Soon after, I was invited to join the On The Waterfront programming committee; a group that also included Karen. In relatively quick succession Karen joined Frank Schier, Gary Wilmer and myself on the RAMI Steering Committee; the permanent Web closed; and the production company that Dave Hedden and I founded after my bar closed began doing sound and lights for what I sometimes refer to as the Charlotte’s Web Travelling All-Stars and Music Kings.
Over the next 25 years of working for, with and around Karen and her family (yes, we played some too), I came to appreciate how their passion for the arts and the artists, their constant goal of professionalism and their unwearying drive to “make a difference” had combined to infuse the original Web – and all that followed – with its magical aura.
For that aura extended way beyond the physical space that was Charlotte’s Web. Karen volunteered for Waterfront for about 20 years. She spent about the same amount of time as part of the RAMI Steering Committee and RAMI Scholarship Committee. The Web was the incubator for NAT and played a crucial role in getting Jim Sullivan’s Hometown Holidays up and running. She was involved with the formation of the Rockford Area Arts Council and First Night. She co-promoted shows in conjunction with the Park District, the Coronado Theatre, the Crossroads Blues Society, the Swedish Historical Society, La Voz Latina and many others. She helped put together both the Rockford Legends of Jazz and Women of Jazz concerts. And that’s just what I can think off the top of my head.
I’ve been involved in the entertainment business for over 50 years and many of the finest musicians and nicest people I have ever worked with have been Web-related performers and volunteers. This stemmed, in part, from Karen’s low tolerance for divas, but also from the atmosphere of mutual respect between staff, performers and patrons that was the norm for Web shows. Everybody seemed to be part of a large, functional, extended family.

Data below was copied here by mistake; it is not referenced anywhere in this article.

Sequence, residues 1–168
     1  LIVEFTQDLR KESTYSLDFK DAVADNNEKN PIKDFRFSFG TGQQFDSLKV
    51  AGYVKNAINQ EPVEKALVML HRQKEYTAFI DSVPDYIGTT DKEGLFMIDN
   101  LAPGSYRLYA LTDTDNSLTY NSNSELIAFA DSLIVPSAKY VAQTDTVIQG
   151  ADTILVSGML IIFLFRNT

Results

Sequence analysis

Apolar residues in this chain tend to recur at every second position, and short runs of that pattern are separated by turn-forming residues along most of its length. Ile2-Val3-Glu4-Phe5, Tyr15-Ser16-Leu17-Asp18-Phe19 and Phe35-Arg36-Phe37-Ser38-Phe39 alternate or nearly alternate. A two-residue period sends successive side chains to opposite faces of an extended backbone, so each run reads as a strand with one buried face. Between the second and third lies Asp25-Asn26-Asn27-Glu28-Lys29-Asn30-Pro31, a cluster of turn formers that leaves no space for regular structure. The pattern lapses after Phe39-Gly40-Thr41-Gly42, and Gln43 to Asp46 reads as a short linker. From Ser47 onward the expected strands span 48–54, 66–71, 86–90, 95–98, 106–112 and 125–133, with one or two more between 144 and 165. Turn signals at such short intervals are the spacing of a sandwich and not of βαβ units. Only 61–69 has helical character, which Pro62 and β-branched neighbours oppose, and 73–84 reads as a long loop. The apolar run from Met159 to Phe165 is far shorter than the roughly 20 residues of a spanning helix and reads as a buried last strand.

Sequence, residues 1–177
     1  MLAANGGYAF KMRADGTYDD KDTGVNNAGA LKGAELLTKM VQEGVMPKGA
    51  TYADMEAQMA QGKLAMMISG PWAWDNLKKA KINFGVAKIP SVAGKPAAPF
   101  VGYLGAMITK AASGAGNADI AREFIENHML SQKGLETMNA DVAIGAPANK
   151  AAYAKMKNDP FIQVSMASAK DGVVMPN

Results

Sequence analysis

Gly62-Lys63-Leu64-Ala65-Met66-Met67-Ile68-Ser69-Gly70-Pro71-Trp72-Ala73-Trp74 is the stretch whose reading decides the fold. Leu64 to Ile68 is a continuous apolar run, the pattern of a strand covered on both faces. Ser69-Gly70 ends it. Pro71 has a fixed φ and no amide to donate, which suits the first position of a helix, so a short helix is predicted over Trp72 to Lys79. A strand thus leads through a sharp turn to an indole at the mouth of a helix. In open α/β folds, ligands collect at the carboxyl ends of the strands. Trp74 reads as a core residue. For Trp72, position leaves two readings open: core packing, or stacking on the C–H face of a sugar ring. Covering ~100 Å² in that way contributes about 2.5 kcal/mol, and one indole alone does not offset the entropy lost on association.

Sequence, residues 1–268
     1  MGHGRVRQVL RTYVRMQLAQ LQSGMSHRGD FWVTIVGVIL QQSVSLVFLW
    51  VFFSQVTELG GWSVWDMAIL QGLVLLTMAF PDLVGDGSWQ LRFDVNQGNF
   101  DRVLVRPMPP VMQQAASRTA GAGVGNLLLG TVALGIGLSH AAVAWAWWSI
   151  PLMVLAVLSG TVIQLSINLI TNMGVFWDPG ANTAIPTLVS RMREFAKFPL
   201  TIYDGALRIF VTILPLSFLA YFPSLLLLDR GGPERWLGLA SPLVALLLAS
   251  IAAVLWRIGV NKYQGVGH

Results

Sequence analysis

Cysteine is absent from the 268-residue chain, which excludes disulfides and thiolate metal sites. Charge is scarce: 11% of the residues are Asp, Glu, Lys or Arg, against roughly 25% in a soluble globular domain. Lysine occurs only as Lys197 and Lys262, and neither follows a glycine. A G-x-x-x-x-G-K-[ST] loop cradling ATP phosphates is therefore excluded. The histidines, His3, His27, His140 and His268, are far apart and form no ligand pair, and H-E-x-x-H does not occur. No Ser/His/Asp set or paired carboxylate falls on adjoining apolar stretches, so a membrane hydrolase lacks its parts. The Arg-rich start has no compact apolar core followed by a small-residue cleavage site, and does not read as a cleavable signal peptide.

Since I’ve mentioned all the shows that went on outside of the “bricks and mortar” Web, I’ll have to list a few of them. It doesn’t include most of the people like Robin and Linda Williams, James Lee Stanley and Michael Johnson who have been part of the Web talent roster from the beginning. Some on this list became Rockford regulars, others were shooting stars, all of them made our town a “cooler” place to be for a few hours at least:
Adrian Belew & the Bears; April Verch; Baaro; BeauSoleil; Beppe Gambetta; The Blind Boys of Alabama; Branford and Ellis Marsalis; Bryan Bowers; California Guitar Trio; Corky Siegel’s Chamber Blues; Eclectica; Fareed Haque; The Flirts; Fruit; Garmana; Irene Ferrera; Jennifer Berezan; Kurt Elling; La Differenzia; Laurence Juber; Liam Teague; Liquid Soul; Lisa Haley; The Mollies; Richard Thompson; Robert Cray; Susan Werner; Tanglefoot; Tarika; Tingstad and Rumbel; Tower of Power; Waterhouse; and Willie Porter. This short list, which doesn’t contain enough acts to fill a season of the “traveling” Web plus the Left Bank Stage at Waterfront, has performers from at least 14 countries representing a diverse array of ethnic backgrounds, lifestyle choices and sexual preferences. Karen had her own “rainbow coalition” before the term existed. (As a side note, with no research, I count 16 Grammys and one OBE won by performers from just six acts on this list.)
Finally, my family, Dave and the other techs at Sound Concepts and the members of the RAMI Committee all offer our deepest condolences to the Howards and want to extend a heartfelt thank you for all the love, sweat and treasure expended by Karen and her family to make our chunk of the world a little more interesting and a lot more beautiful place to be.
Good job, Ruby; you can rest now. R.